Polo Anyone? A Quick Guide To The World-Class Sport

The Miami Beach Polo World Cup is an annual event that draws players and spectators from around the world. Each year, more than 10,000 fans and competitors come from South America, Russia, Switzerland, Malaysia and other countries to be in and be seen at the world-class event. Done Miami-style, complete with fund-raising events, exclusive parties and fashion shows, tickets run up to $450 for a VIP pass. But unlike many other south Florida events, this one also has free general admission, enabling just about anybody to experience the Miami social scene.

Still, like experiencing other events while traveling, knowing a little of what polo is all about is not a bad idea.

Beach Polo is a team sport, played on horseback where winning means scoring more points (goals) than the other team. Goals are scored by driving the brightly colored, inflatable ball between goalposts. Each game has four, seven-minute periods called chukkers. Each team has three players and they change horses (polo ponies actually) after each chukker. Two umpires watch for fouls granting free hits. Fouls occur mainly when one player crosses another player who is following the ball on its exact line of trajectory.
While polo dates back 2,500 years, Beach Polo is a Dubai-created event that started in 2004, with the Miami Beach event beginning in 2005.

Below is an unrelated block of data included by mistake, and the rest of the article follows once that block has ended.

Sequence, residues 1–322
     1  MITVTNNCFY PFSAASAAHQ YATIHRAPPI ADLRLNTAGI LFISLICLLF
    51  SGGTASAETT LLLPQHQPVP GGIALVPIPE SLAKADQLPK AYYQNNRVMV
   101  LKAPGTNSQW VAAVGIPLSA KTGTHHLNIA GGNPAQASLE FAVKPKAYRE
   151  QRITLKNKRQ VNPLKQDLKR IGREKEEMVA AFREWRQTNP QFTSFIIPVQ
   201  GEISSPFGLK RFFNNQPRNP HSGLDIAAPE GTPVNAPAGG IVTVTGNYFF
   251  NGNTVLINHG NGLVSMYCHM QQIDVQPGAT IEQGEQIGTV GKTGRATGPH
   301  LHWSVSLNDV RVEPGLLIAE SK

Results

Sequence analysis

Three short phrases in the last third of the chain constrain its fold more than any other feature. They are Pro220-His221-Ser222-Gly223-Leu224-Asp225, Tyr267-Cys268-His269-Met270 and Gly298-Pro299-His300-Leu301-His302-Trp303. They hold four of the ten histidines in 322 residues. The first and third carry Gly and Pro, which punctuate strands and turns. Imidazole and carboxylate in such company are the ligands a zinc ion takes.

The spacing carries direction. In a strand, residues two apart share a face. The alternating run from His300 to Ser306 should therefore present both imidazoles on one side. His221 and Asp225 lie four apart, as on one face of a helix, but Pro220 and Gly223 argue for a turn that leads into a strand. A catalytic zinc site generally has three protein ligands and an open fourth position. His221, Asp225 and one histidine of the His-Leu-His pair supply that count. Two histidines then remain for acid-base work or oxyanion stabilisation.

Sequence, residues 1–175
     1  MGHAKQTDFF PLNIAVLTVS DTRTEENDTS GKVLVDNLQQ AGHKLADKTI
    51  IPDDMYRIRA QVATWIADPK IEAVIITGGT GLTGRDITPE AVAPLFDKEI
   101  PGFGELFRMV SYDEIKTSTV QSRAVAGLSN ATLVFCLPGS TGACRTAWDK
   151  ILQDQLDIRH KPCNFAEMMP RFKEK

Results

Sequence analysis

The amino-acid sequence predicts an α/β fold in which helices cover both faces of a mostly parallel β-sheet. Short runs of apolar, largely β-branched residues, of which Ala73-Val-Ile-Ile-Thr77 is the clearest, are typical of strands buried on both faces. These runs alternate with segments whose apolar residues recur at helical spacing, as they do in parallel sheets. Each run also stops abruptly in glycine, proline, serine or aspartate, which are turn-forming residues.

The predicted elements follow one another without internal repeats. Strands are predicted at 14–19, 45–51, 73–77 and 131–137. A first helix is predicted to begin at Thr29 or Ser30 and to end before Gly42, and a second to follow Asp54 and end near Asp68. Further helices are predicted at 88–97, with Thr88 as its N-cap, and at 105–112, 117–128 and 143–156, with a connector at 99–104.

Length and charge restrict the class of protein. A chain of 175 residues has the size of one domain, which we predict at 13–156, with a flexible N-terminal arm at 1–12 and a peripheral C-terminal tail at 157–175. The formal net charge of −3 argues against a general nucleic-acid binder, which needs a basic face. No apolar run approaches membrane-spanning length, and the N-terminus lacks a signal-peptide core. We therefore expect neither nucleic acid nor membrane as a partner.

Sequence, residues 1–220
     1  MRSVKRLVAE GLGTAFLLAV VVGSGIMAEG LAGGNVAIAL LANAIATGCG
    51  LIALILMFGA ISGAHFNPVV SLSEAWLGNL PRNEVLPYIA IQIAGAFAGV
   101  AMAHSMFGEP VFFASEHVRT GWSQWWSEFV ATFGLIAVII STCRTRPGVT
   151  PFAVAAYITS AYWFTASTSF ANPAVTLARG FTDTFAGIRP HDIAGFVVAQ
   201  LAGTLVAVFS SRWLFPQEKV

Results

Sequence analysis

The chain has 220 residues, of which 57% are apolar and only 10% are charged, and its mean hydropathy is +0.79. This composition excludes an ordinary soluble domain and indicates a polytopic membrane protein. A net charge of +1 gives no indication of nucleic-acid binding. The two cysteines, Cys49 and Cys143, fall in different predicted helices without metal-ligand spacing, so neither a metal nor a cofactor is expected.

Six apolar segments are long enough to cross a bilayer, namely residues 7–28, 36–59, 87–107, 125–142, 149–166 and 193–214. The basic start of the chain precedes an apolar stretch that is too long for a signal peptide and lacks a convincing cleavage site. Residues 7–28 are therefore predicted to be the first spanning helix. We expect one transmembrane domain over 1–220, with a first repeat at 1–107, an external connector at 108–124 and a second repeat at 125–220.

Actually two events, the Women’s Polo Cup takes place on Thursday, April 25, featuring eight women’s teams in a one-day series of round-robin championship matches.

The three-day men’s tournament runs Friday April 27 through Sunday April 29 with six teams that include some of the world’s top-ranked players. Sponsored by Argentinean sports and leisure clothing manufacturer La Martina, this year’s tournament will feature Miami’s DJ Irie, whose Irie Foundation will be an official beneficiary non-profit organization alongside Big Brothers Big Sisters of Greater Miami.

Beach polo is a lot like arena polo, but other forms include cowboy polo, elephant polo, camel polo, cycle polo, canoe polo and kayak polo as we see in this video:

[Photo credit – The Polo Life]

South Beach hotels not for everyone but great for some

There is a big difference between “going to” South Beach and “staying on” South Beach for spring break or just about any other time. A day or night visit is fun. Staying at one of the local hotels on or close to the action is a whole other experience that’s not for everybody.